Sri Lanka controversial primary dealer’s license could be cancelled: CB Governor
COLOMBO (EconomyNext) – The license of a gilt dealership connected to his family could be revoked if a probe faults the firm over controversial transactions, Central Bank Governor Arjuna Mahendran who is to go on leave while the investigation is made, said.
Sri Lanka has been rocked by allegations that Perpetual Treasuries, a gilt market dealer connected to Mahendran’s son-in-law engaged in a series of deals in the secondary and primary government securities market based on insider information that interest rates would go up on February 27.
Mahendran said if a committee that is investigating the issue found fault with the firm its primary dealer license may be cancelled.
"But I do not want to pre-judge (the report by the investigating committee)," he said.
Licensed primary dealers are allowed to bid at the primary auction of Treasury securities and they also have access to a lender of last resort window of the Central Bank.
Mahendran said he will go on leave and handing over operations to Senior Deputy Governor P Samarasiri while a committee investigates the matter.
"But I will be in Sri Lanka and available to assist the investigation in anyway," he said.
President Maithripala Sirisena ordered a probe into alleged irregularities in bond markets last week, and members of the investigating committee was named by Prime Minister Wickramasinghe.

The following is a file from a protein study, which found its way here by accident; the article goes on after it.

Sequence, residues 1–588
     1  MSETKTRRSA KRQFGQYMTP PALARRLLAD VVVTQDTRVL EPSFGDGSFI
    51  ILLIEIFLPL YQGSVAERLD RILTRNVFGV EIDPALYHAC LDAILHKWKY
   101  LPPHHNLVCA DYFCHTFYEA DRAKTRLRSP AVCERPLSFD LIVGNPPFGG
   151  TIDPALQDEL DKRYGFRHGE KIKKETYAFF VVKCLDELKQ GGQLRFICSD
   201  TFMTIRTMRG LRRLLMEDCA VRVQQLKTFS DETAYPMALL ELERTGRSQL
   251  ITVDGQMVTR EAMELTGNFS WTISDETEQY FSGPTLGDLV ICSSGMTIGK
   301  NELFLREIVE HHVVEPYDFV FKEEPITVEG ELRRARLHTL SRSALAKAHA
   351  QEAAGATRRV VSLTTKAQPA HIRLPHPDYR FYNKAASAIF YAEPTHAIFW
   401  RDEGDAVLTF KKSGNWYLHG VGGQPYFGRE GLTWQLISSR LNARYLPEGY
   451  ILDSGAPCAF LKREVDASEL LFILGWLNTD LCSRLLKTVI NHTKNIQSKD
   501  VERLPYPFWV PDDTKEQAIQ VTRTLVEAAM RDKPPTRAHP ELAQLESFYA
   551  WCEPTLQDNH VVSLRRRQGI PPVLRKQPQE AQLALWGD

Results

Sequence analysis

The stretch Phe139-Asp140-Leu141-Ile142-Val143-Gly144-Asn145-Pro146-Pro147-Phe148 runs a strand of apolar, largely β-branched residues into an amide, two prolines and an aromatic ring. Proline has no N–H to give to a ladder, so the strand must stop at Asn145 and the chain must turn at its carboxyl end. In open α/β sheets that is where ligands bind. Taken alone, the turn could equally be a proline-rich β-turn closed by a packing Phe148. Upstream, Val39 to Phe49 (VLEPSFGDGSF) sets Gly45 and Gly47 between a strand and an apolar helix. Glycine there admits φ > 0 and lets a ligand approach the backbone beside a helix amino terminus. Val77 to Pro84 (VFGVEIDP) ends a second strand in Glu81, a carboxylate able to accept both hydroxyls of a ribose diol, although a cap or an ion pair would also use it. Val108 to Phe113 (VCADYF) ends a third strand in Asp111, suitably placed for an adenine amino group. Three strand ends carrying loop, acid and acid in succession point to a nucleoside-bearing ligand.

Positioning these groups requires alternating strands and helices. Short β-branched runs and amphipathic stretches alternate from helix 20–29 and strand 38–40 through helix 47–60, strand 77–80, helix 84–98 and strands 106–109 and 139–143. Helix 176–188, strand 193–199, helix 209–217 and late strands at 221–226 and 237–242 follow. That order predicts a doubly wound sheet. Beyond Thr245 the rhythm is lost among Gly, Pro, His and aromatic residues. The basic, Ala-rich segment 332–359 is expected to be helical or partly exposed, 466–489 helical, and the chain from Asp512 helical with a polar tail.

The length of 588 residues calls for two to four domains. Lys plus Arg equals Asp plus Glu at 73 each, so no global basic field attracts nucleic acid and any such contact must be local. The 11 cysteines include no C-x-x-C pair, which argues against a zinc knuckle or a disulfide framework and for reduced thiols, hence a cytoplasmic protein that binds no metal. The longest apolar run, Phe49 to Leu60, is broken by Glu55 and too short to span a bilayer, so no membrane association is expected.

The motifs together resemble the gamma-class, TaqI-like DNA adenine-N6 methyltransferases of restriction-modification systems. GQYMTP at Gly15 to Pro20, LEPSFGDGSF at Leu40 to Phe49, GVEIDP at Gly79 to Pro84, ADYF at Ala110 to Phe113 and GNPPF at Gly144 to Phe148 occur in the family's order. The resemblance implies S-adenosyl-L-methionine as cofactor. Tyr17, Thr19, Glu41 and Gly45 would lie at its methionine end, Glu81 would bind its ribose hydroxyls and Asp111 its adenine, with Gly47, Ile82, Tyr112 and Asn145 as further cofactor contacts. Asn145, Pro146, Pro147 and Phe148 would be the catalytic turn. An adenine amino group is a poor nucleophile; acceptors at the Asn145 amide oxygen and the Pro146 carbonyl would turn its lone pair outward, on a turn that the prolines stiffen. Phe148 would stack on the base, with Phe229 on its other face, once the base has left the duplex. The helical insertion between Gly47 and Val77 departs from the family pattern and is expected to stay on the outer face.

There had however been concerns by opposition parties that they were all lawyers with no in depth knowledge of gilt markets and connected to the United National Party and his old school Royal College.
Wickramasinghe is due to make statement in parliament on the issue Tuesday.
Perpetual Treasuries was seen selling among other securities, 7-year bonds, in the forward markets on or around February 26 dealers have said, to be bought back the following week at a profit when rates went up.
The firm also made unusually large bids, especially for an independent primary dealer at an auction of illiquid 30-year bonds, including a 3.0 billion rupee bid which was backed up with financing from a state bank. The firm is alleged to have made bids of 2.0 billion rupees on its own account.
After calling bids for only a billion rupees of 30-year bonds, the Central Bank accepted 10 times the volume and half of t went to Perpetual Treasuries, with 3.0 billion at 12.5 percent.
The weighted average yield at 11.73 percent was also sharply higher than the 9.3 and 9.6 percent rates at which 30-year bonds were sold through private placements in recent months.
Also on Friday, the Central Bank tightened monetary policy closing a 5.0 percent window where excess cash was parked, pushing the floor overnight rate to the 6.5 percent window, shifting the entire yield curve upwards.
The move came days after the regular monthly monetary policy statement on Tuesday 24 February.
Mahendran denied wrongdoing related to the 30-year bond auction, and said the Central Bank decided to move into a fully auction-based system abandoning private placements, which could have led to some of the outcomes.
"I am very clear in my mind that I have not done anything wrong," he said. "We have changed the earlier system of having private placements.
"Auctions will now be the norm, private placements will be the exception."